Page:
Step 3 Subperiosteal Dissection of the Mandible

The mentalis muscle is stripped from the mandible in a subperiosteal plane. Retraction of the labial tissues is facilitated by stripping them off the inferior border of the symphysis. Subperiosteal dissection of the mandibular body is relatively simple compared to that of the symphysis because there are fewer Sharpey's fibers inserting into the bone. Controlled dissection and reflection of the mental neurovascular bundle facilitate retraction of the soft tissue away from the mandible. The periosteum is totally freed circumferentially around the mental foramen and nerve. Retracting the facial tissues laterally will gently tense the mental nerve. Using a scalpel, the surgeon then incises the stretched periosteum longitudinally, paralleling the nerve fibers (Fig. 8-7), in two or three locations. The sharp end of a periosteal elevator teases the periosteum away from the mental foramen and nerve. Any remaining periosteal attachments are dissected free with sharp scissors. This stripping allows mobilization on the branches of the mental nerve, facilitating facial retraction and augmenting exposure of the mandible. Dissection can then proceed posteriorly along the lateral surface of the mandibular body/ramus. The surgeon should stay within the periosteal envelope to prevent lacerating the facial vessels, which are just superficial to the periosteum (see Fig. 8-2).

Buccal Fat Exposure
FIGURE 8- 7 Dissection of the mental nerves. The periosteum is incised and the periosteum is stripped laterally to expose nerve branches.

Subperiosteal dissection up the anterior edge of the ascending ramus strips the buccinator attachments, which allows the muscle to retract upward, minimizing the chance of herniation of the buccal fat pad (see Fig. 8-4). Temporalis muscle fibers may be easily stripped by inserting the sharp end of a periosteal elevator between the fibers and the bone as high on the coronoid process as possible, and stripping downward (Fig 8-8). A notched right-angle retractor (Fig. 8-9) may be placed on the anterior border of the coronoid process to retract the mucosa, buccinator, and temporalis tendon superiorly during stripping. Stripping some of the tissue from the medial side of the ramus will widen the access. After stripping of the upper one third of the coronoid process, a curved Kocher clamp can be used as a self-retaining retractor grasping the coronoid process.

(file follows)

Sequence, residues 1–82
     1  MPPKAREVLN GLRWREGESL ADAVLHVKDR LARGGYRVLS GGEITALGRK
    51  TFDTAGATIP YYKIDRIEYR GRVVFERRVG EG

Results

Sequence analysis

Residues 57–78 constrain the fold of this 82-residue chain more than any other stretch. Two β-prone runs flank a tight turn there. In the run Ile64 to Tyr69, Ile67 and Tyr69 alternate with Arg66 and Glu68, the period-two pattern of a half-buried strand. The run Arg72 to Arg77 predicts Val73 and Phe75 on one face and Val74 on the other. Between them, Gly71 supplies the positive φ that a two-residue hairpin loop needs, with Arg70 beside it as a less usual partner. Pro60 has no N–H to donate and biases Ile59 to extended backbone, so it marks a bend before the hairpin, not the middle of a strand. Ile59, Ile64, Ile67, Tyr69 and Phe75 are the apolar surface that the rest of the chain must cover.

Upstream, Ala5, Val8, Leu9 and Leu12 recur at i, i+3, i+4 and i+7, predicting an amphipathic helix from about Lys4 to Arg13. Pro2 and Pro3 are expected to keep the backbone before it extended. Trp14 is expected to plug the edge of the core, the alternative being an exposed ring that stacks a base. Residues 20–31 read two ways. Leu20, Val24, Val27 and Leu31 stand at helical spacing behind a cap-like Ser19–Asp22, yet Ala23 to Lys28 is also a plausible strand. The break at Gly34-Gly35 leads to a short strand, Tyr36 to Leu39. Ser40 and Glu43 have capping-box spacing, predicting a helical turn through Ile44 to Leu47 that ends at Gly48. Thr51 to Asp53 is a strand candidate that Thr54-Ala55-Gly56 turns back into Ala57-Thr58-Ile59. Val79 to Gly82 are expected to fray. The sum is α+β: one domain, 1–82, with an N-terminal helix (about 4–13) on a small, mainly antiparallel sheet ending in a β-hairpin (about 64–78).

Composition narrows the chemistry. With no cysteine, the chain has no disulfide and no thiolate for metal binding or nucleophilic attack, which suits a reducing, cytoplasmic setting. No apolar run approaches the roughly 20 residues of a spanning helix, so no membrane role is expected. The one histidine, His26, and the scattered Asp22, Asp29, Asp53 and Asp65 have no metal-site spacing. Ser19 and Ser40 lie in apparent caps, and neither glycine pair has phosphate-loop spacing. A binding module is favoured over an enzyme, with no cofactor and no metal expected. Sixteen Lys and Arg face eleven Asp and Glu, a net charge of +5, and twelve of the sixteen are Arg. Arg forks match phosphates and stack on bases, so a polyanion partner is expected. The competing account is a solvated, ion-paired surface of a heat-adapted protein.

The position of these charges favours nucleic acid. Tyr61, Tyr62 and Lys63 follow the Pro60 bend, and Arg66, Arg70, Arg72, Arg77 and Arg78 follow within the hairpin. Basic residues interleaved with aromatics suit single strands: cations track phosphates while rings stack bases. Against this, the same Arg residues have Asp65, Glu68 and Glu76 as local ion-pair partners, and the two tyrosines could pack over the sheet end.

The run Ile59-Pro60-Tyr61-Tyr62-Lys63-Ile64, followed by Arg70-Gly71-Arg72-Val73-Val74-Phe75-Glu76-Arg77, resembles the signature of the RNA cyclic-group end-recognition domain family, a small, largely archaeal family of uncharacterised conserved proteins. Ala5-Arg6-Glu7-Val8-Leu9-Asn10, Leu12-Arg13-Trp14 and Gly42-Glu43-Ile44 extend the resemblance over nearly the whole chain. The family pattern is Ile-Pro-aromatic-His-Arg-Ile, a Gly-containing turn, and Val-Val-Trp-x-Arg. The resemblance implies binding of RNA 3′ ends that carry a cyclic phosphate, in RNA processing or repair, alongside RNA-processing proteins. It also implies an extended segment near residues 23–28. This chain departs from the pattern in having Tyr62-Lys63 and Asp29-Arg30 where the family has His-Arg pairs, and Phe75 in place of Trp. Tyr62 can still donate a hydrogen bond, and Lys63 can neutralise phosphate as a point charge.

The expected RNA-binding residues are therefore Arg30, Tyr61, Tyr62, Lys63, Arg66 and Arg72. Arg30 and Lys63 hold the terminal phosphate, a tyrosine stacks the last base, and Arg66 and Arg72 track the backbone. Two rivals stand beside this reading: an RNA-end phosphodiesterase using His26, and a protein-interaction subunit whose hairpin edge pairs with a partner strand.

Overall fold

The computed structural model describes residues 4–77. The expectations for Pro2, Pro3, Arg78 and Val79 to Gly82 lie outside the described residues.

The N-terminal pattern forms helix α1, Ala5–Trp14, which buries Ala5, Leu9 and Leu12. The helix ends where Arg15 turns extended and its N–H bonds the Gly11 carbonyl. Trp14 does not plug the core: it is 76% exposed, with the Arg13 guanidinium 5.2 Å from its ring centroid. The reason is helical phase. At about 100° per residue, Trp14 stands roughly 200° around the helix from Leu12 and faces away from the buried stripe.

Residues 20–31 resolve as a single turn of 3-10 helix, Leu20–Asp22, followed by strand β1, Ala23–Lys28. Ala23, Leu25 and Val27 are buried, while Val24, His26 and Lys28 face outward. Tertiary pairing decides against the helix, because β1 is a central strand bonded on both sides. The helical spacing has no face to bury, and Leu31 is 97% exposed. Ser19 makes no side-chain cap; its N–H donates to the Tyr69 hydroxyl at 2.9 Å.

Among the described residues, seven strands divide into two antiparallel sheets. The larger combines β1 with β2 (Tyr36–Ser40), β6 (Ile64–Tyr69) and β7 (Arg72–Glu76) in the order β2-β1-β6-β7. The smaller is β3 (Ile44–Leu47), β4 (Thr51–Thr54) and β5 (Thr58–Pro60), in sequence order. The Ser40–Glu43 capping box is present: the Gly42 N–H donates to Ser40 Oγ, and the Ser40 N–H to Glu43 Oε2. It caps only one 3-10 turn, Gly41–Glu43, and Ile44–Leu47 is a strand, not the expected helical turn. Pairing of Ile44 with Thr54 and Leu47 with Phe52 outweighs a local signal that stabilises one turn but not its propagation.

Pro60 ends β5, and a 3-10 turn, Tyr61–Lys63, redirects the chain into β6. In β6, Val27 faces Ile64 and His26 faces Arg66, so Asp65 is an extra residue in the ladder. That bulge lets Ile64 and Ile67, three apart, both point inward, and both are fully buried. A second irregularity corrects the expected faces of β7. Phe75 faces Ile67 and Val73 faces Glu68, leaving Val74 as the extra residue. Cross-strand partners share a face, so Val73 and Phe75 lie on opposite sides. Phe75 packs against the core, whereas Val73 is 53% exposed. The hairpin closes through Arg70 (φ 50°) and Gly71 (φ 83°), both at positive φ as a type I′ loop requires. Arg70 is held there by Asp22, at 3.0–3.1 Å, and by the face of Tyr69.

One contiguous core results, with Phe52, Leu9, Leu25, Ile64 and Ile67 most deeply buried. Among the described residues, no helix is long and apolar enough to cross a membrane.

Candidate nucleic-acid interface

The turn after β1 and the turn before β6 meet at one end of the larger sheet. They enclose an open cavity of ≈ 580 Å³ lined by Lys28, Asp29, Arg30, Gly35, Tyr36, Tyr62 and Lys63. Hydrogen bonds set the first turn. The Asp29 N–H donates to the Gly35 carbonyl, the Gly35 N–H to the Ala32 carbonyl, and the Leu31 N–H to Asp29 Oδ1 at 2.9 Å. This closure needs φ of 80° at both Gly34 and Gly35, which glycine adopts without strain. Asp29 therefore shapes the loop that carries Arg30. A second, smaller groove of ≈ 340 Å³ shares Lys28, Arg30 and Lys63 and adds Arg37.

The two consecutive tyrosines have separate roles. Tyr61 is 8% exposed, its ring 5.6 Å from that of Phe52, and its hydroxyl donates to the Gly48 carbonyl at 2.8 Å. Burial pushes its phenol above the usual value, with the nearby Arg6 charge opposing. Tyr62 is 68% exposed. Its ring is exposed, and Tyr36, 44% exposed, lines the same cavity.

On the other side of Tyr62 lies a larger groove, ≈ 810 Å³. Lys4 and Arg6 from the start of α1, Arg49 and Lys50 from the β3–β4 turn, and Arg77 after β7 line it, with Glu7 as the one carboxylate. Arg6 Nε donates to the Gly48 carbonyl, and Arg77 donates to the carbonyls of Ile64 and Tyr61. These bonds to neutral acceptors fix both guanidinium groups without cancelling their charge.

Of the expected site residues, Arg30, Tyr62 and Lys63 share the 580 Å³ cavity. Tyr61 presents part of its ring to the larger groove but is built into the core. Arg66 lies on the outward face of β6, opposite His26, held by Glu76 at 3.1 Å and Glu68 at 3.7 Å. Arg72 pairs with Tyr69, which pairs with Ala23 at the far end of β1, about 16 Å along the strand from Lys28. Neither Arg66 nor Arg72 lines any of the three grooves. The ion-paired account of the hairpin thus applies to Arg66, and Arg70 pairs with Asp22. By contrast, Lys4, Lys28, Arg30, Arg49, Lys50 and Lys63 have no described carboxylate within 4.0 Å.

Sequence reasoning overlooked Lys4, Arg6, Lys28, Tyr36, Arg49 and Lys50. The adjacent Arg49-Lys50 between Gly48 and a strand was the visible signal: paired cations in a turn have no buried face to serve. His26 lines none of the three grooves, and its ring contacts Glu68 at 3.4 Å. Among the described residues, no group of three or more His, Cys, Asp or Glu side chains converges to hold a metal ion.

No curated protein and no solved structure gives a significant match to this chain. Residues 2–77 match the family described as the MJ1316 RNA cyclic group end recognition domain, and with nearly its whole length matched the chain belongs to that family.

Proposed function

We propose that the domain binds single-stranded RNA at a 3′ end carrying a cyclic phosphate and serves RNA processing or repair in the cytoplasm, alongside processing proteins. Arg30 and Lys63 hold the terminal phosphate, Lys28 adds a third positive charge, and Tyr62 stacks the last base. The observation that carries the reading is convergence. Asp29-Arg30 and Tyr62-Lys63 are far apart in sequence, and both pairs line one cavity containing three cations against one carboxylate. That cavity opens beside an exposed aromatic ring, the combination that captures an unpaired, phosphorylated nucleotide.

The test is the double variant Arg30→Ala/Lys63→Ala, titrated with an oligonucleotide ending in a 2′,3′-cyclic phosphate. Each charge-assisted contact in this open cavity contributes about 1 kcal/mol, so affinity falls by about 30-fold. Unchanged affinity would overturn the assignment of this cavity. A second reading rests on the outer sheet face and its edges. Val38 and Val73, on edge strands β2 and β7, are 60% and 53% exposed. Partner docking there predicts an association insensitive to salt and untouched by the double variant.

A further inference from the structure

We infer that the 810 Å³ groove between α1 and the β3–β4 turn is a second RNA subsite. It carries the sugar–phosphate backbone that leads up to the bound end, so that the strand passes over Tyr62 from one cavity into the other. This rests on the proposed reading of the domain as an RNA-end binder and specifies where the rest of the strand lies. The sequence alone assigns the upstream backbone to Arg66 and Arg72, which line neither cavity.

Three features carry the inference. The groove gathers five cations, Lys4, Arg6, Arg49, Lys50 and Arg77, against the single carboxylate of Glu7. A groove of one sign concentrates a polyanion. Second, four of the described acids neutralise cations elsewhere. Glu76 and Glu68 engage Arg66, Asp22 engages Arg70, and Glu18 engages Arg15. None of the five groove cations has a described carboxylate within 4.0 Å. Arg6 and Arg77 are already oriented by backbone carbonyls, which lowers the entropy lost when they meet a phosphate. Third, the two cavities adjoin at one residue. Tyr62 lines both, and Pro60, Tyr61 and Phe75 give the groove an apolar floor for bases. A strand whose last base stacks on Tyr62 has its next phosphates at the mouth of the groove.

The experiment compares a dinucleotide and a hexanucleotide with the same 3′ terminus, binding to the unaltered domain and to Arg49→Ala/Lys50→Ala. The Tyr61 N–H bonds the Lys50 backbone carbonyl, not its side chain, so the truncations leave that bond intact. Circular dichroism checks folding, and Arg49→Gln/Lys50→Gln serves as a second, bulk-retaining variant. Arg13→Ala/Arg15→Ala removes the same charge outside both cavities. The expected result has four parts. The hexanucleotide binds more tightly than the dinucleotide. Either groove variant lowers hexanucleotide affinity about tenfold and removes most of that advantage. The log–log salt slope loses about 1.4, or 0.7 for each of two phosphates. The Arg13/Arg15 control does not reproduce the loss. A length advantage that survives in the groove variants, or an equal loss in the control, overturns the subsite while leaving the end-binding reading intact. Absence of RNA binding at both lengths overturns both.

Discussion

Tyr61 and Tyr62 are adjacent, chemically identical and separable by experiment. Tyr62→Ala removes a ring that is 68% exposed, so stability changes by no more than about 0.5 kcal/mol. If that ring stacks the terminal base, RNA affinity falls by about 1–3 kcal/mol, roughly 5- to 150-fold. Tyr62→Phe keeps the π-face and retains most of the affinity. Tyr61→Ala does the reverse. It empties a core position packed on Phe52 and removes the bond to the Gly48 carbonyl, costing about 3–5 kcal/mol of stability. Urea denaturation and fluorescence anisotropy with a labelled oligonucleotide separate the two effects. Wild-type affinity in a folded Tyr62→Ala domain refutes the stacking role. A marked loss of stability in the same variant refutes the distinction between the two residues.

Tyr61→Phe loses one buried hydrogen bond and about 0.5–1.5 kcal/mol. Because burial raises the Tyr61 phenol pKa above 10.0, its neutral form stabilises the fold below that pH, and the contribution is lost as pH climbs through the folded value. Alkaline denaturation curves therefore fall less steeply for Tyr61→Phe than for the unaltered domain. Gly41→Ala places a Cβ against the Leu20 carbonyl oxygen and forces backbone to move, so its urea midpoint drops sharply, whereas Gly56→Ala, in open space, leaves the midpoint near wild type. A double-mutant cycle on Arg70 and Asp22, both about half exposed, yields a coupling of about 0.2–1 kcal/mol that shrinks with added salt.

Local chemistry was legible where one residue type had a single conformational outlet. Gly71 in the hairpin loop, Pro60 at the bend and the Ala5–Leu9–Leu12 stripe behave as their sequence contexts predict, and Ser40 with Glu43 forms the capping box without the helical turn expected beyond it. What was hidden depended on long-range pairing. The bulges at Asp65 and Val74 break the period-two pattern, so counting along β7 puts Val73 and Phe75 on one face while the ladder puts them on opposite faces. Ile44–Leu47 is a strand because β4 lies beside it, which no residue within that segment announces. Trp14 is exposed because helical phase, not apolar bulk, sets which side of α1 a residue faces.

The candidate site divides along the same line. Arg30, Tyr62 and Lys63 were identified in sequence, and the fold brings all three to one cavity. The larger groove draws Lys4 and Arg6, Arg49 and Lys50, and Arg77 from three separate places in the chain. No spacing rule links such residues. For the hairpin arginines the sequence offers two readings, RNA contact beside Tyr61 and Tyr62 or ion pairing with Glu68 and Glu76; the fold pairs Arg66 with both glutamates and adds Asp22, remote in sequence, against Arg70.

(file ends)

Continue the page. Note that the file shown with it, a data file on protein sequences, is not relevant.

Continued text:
Anterior Ramus Retractor

While the buccal tissues are retracted laterally with a right-angle retractor, the masseter muscle is stripped from the lateral surface of the ramus (see Fig. 8-8). Sweeping the periosteal elevator superoinferiorly cleanly strips the muscle from the bone. Although direct visualization may be poor, the posterior and inferior borders of the mandible are readily stripped of the pterygomasseteric fibers using periosteal elevators, J-strippers, or both. Dissection can continue superiorly, exposing the condylar neck and the entire sigmoid notch. To maintain exposure of the ramus, Bauer retractors (Fig. 8-10) inserted into the sigmoid notch and/or under the inferior border are useful (Fig. 8-11). The LaVasseur-Merrill retractor is another useful device that slides behind and clutches the posterior border of the mandible to hold the masseter in a lateral position.

Right Angle Retractor
FIGURE 8- 9 Notched right-angle retractor. The V-shaped notch is posittioned on the ascending ramus and the retractor is pulled superiorly to retract tissues.
Inferior Border Retractor
FIGURE 8- 10 Bauer retractors. The flanges at right angle to the shaft are used to engage the sigmoid notch and/or inferior border of the mandible, allowing retraction of the masseter muscle.
Inferior Border Retractor
FIGURE 8- 11 Exposure after insertion of Bauer retractors. Note that the flange of one retractor is in the sigmoid notch and the flange of the other is under the inferior border of the mandible.

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